Arbitration and How It Hurts Consumers

The Seventh Amendment to the United States Constitution (and also Article 23 of the Maryland Declaration of Rights) guarantees consumers the right to a jury of their peers in civil cases.  Corporations have found a way to circumvent this constitutional right by placing arbitration requirements in consumer contracts.  Without knowing it, consumers regularly waive their right to a jury trial when they sign cell phone contracts, car lease agreements, mortgage documents, and other consumer contracts.  So, why should consumers care?

Arbitration is the opposite of jury proceedings.  In normal court proceedings set for trial by jury, the consumer only pays a one-time filing fee to the court, typically less than $300.  Additionally, in normal proceedings, the consumer can use interrogatories, document requests, and other legal tools to make the corporation provide the evidence needed for the consumer to prove his or her case.  Lastly, the decision in a jury trial is made by a group of average citizens, who have not heard hundreds of cases, and are therefore willing to approach a case with an open mind and without bias.

In contrast, arbitration is expensive.  Rather than a one-time $300 or less filing fee, the consumer must pay an arbitrator $350 or more per hour, for every hour the arbitrator devotes to the case, from the date of the first filing until the date of the hearing.

Moreover, unlike a normal proceeding, in arbitration the consumer does not automatically have a right to make the corporate defendant provide necessary evidence.  Instead, the consumer must file papers asking the arbitrator to allow this necessary evidence production.  The arbitrator has complete discretion to deny the request entirely or severely limit the request.  And the arbitrator bills by the hour while reviewing and considering the request.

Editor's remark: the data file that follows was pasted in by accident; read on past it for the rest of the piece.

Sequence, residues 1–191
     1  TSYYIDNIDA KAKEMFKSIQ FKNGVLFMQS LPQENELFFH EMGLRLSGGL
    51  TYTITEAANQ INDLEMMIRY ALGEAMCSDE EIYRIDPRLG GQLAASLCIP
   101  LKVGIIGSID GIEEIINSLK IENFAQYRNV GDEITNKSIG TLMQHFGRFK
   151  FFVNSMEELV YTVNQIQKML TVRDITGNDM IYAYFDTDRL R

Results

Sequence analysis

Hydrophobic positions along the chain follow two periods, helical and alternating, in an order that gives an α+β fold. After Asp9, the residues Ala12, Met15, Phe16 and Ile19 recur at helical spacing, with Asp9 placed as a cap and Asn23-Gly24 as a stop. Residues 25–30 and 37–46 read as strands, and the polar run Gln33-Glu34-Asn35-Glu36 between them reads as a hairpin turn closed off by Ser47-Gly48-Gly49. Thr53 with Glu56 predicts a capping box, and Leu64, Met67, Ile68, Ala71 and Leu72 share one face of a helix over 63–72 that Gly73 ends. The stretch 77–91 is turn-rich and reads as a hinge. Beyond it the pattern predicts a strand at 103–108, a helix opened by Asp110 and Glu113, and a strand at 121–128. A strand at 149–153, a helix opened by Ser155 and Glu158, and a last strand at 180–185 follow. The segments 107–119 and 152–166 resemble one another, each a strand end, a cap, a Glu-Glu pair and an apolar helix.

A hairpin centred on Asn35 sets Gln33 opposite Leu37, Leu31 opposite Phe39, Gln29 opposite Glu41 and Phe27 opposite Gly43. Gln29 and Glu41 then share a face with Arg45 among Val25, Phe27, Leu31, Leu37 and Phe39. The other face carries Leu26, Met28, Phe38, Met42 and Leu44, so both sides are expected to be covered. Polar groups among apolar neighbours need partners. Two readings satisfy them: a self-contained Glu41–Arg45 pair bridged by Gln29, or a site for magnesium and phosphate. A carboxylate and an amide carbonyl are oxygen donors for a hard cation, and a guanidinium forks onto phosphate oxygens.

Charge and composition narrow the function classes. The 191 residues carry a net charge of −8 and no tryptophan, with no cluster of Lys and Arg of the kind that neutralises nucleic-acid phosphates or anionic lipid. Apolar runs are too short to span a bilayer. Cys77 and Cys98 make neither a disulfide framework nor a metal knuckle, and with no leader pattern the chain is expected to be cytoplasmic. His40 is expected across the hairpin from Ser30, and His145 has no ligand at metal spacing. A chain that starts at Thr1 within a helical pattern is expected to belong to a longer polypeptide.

If the consumer is lucky enough to obtain the evidence needed to prove his or her case, and if the consumer still has money to pay the arbitrator and his or her lawyer, then the case is set for a hearing before the arbitrator.  The hearing may take a few hours, days or weeks.  The arbitrator bills during all this time.

To make matters worse, even Bloomberg Businessweek reports that arbitrators are often biased against the consumer.  Arbitrators know that corporations, and not consumers, pursue arbitration.  This means that, no matter how badly the corporation may have defrauded the consumer, the arbitrator has a financial incentive to unfairly rule against the consumer in order to secure repeat business from the corporate defendant.

Increased costs, lack of access to evidence, and a biased decision maker.  Clearly, by violating constitutional jury rights, arbitration hurts consumers.

Unfortunately, the courts will not help a consumer protect their constitutional rights when faced with arbitration.  For example, in the recent case of CompuCredit Corp. v. Greenwood, the U.S. Supreme Court decided that corporations can force the consumer to go through arbitration, even if the lawsuit is based solely on an established consumer protection law.

As in the CompuCredit case, courts will often say their hands are tied by the law, and they are required to compel arbitration.  However, this reasoning is simply not accurate.  A court’s first and foremost duty is to protect the Constitution.  The Constitution requires that a case be tried by a jury of average citizens, not a biased arbitrator.  For these reasons, courts should hold contractual arbitration provisions unconstitutional.

Our founding fathers, particularly Thomas Jefferson, made this point crystal clear by stating, “We all know that permanent judges … are liable to be tempted by bribery; … that it is better to leave a cause to the decision of cross and pile than to that of a judge biased to one side[.]”  (Thomas Jefferson, Letter (to L’Abbe Arnoux), Jul. 19, 1789 at 2.)

Unfortunately, arbitration is not a “hot-button issue” in the news media, and the average citizen does not regularly talk about arbitration.  As a result, lawmakers have no motivation to pass laws preventing arbitration.

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